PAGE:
Buying a house.
It’s not official, and feels tenuous at best, but we’re deep in the process of owning a home. What? you ask. Now? In the middle of this Covid-19 pandemic? With an uncertain economy and lockdown measures and travel restrictions and quarantine? Yes, friends. Amid all of this, we’re taking the plunge. We’re climbing onto the property ladder, as they say in the UK. We’re about to inherit a lot of “good” debt.
This isn’t an impulse decision. My husband and I have been talking about when we want to buy a house for a long time now, practically our whole marriage. Shoot, I toyed with the idea in North Carolina when I was stationed there, but it was a state I never wanted to own a home in. And I was under constant threat of our squadron moving 60 miles away at any time because our hangar space was temporary. My tolerance for commuting longer than 30 minutes one-way is low at best, and owning a house between the two bases in case we moved seemed onerous. And what to do when I deployed (twice, in fact)? Rent it out? Eat the monthly mortgage cost? Sell after two years? It just didn’t seem worth the hassle.
My husband and I have been in military accommodation for five years. It’s not glamorous. The United Kingdom doesn’t spend the same money the United States does on its military, and the perks aren’t as good. No GI Bill, no free base housing, no BAH money. We’ve made it work, and we’ve done a damn good job fixing what we can, making the house feel like a home. He’s really good at DIY and I’m no slouch at painting, hanging pictures, and planting flowers. With our powers combined… But after five years of drafty winters wondering why I’m once again wearing a winter coat indoors, and the ass-pain that is dealing with civilian contractors hired by the MOD in getting any sort of house repair completed in a decent time (and condition), we’re done. Done with crappy repair jobs, done with putting in complaints, done with cheap furnishings. This decision lines up with my husband’s move to his next billet, a day I never thought would come soon enough. I can’t wait to say sayonara.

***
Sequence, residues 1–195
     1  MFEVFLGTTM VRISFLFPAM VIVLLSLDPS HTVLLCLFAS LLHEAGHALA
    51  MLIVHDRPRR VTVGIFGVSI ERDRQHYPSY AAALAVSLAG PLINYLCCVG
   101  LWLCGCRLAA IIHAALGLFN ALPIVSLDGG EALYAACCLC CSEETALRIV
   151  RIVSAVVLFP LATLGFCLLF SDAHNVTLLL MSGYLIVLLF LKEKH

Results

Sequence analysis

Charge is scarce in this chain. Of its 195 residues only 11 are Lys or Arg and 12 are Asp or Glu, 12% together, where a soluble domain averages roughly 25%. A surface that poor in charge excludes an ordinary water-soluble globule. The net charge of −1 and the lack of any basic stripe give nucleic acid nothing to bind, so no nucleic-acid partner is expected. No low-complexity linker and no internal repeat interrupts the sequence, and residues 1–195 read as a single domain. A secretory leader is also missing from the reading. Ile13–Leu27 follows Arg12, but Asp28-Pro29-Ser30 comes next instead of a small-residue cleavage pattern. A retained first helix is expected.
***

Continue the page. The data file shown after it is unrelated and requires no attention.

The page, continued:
That’s not to mean I won’t miss aspects of this place. I’ve met great people and have some wonderful neighbors on the estate. Our backyard is big, and I appreciated the room for chickens, a large vegetable patch, and two flower beds. Hell, I’ll even admit I’ll miss our tiny kitchen. Not because of its size, oh no, but how those cramped quarters made us innovate, made us think of clever ways to store appliances, arrange herbs and knives and bananas, how to utilize the countertops that were actually workable. We had to adapt, and we did.
This new place is much bigger. The kitchen is cavernous. The bedrooms are huge. There are clawfoot tubs in three bathrooms. The backyard is long, with a spring-fed creek at the end. The house is a beautiful Grade II-listed building, meaning it is of special interest that warrants preserving, but the previous owners already went through the hassle of upgrading everything they could while retaining its character and charm. Originally, we were looking at buildings like that. Ones we could buy a bit cheaper and do up ourselves, saving a bit of cash with our DIY skills. But actually, with my husband starting his job this autumn and Beaner entering her toddler years, it looked increasingly like we shouldn’t buy a wreck. It was tempting, and we saw a few that had potential, but my fear that we’d never get everything done by the time we had to move again was starting to feel real.